Jim Austin is absolutely right. One major point of this award is that preparing an application requires applicants to engage in overt career planning and negotiations with their postdoctoral mentors.
Major components of the application include the mentors' statements and the applicant's career development statement - study sections pay very close attention to these. By requiring these components, the application stimulates meaningful discussions between postdocs and PIs about how to develop independent projects, how to contribute to the PI's lab in ways beyond generating data for his current projects, and how to develop an independent identity as an innovative scientist. For me, preparing an application provided a framework for these discussions, which involved plenty of constructive criticism and lots of practical planning. It also provided a framework for networking in the field, and for turning collaborations into formal co-mentorships, which became incredibly useful in my search for a faculty position.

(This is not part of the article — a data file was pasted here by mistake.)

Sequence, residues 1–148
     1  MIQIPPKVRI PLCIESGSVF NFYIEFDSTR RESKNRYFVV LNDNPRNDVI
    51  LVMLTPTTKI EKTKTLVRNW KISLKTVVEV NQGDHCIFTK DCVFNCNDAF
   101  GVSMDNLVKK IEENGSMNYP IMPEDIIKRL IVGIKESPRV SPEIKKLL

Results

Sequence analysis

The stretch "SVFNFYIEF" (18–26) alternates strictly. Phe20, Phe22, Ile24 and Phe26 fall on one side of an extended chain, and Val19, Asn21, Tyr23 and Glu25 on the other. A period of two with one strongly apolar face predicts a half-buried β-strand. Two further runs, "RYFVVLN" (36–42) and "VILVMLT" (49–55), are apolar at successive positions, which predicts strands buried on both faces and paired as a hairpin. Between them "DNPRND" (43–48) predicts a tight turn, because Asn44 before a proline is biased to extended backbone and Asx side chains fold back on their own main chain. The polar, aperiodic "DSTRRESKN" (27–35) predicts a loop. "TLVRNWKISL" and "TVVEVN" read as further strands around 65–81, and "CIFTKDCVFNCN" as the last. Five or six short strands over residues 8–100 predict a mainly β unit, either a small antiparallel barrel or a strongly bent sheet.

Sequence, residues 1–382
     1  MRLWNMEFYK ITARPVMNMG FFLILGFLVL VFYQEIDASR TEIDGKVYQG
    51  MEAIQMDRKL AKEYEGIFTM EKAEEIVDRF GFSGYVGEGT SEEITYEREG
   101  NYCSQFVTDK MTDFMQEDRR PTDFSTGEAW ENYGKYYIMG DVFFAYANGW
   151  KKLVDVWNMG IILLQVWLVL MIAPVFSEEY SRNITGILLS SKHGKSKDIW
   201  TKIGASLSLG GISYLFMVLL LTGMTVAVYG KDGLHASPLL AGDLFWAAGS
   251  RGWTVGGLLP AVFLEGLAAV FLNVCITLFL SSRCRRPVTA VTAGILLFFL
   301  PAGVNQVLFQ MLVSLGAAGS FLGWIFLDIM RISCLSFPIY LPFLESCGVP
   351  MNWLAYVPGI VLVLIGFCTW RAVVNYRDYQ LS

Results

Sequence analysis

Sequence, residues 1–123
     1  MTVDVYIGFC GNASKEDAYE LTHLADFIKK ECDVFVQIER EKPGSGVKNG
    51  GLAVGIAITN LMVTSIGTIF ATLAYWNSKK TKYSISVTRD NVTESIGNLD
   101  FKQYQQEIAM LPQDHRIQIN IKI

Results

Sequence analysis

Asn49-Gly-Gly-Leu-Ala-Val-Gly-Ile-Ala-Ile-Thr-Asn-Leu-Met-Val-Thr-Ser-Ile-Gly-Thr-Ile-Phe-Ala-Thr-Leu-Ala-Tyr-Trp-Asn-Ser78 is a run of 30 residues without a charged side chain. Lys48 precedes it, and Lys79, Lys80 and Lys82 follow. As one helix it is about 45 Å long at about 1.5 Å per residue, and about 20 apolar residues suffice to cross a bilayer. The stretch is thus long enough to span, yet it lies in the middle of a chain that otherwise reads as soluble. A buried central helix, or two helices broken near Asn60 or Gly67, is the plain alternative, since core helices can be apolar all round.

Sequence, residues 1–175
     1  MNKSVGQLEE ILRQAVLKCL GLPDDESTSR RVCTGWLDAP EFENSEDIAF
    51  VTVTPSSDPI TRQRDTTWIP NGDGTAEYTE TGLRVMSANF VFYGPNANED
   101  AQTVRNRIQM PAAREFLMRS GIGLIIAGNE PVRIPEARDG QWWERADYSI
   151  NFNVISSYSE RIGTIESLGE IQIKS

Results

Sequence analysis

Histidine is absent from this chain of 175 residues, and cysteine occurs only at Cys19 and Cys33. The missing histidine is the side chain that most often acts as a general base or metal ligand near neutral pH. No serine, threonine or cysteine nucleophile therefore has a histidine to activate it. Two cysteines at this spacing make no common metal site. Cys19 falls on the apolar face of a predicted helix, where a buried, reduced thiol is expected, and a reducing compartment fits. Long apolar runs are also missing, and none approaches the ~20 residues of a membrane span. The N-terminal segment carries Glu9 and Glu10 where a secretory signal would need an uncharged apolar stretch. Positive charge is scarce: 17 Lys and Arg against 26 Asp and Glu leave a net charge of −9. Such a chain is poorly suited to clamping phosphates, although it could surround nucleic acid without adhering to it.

One thing - I have some friends whose K99/R00 proposals were rejected because they too closely hewed to their PIs' work - these guys still got faculty positions and quickly turned those proposals around into successful R01 applications. While they did not get K99/R00s, they definitely benefited from the experience of preparing R-type grants while they were still postdocs.